To frame this discussion, I’ll ask that you take a look back at the players who have won Finals MVP over the years. The vast majority of those players were either MVPs or widely considered one of the top 2-3 players in the game that year. For the most part, the outliers (for example Andre Iguodala, Tony Parker) were on teams that featured players who didn’t win Finals MVP but were clearly one of the premier players in the league (Steph Curry, Tim Duncan).
This isn’t to say that it is impossible for a team to win without a top-3 player in the league. The 2004 Pistons will always be the ultimate “well, actually” trump card in this discussion. However, historically speaking, the vast majority of NBA titles are won by super-duper-stars.
Last year, Jayson Tatum finished 4th in MVP voting and got no 1st place votes. Just being a top-5 MVP candidate is an amazing accomplishment that 99.9% of the league can only dream of achieving. However, it is pretty clear that Tatum was a step behind the top-3 of Joel Embiid, Nikola Jokic, and Giannis Antetokounmpo.
Obviously winning MVP doesn’t guarantee a title (just ask Joel), but the point here is that if the Celtics are going to win a title in the next few years, it will probably be in large part due to Jayson Tatum ascending that extra level into the top echelon of NBA superstars.
Don’t get me wrong, he’ll need plenty of help. Newly minted supermax guy Jaylen Brown needs to continue to improve and keep himself in the All-NBA discussion. Kristaps Porzingis needs to stay healthy and efficient. The Celtics as a whole need to defend well enough in big moments to put themselves in position to win. Then they need to execute on offense when pressure is at the highest. They also need good coaching and good injury luck and all the other little things that we obsess over twelve months a year on this blog.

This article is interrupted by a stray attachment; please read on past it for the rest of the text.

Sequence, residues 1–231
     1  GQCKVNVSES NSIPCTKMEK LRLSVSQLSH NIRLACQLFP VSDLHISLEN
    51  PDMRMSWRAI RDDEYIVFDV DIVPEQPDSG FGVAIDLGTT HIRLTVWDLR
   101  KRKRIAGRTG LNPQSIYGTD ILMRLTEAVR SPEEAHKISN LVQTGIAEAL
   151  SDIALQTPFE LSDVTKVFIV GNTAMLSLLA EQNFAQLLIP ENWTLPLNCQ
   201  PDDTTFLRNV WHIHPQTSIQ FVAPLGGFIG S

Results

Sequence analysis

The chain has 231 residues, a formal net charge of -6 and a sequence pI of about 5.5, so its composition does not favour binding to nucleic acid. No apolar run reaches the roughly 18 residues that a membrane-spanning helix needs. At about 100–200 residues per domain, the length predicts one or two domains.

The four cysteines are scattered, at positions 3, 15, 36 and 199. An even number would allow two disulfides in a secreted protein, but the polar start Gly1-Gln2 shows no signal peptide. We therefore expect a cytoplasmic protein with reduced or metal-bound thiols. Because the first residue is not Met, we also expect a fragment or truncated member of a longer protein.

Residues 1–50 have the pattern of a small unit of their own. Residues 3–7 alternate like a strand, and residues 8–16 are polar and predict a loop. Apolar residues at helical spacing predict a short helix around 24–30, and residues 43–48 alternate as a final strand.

Still, it boils down to Jayson Tatum leading the team with his unique all-around skillset. There really doesn’t seem to be a glaring weakness in his game at this point. The critiques of him tend to be picking nits and comparisons with historically great players. Tatum isn’t as good of a passer as Jokic (who is?). He’s not as dominant as Giannis. He hasn’t reached “I’m going supernova and taking over this Finals” level that Steph Curry can.
What he is, though, is a better defender than at least Steph and Jokic. He’s a better shooter than Giannis and has more playoff success than Embiid. He has the tools that can put him right there with those guys. There’s still another level Tatum can reach and I think he’s fully capable of getting there.
Consistency is a big thing for him. He has run hot and cold for most of his career but he has also progressively gotten more and more consistent over the years. To be at the top of the league, he needs to be on top of his game for just about every night (finding ways to contribute even on the occasions when the shot isn’t falling). That consistency needs to happen on both sides of the ball, too. Leading the offense is a big burden and he has to find ways to rest situationally in games, but not at the expense of the defense (if at all possible).
He’s gotten better at distributing the ball, usually making the right read and passing effectively out of double teams. He won’t ever have the innate feel that pure passers like Jokic or Luka Doncic have, but he can improve to the point where he’s dictating the flow of the game instead of reacting to what the defense gives him.
Jayson has proven that he can be an elite shooter but in the last couple of seasons his shooting percentage has slipped. If he can shoot closer to his career percentage of 37.5% from 3 (instead of hovering around 35%) that would be huge.
I’m sure that there are other nits to pick, but the point here is that Jayson Tatum has it in him to be an MVP (or at least be central to the heated debates over who deserves it more). If he can hit that extra level, the Celtics have as good a shot at the title as any team in the league.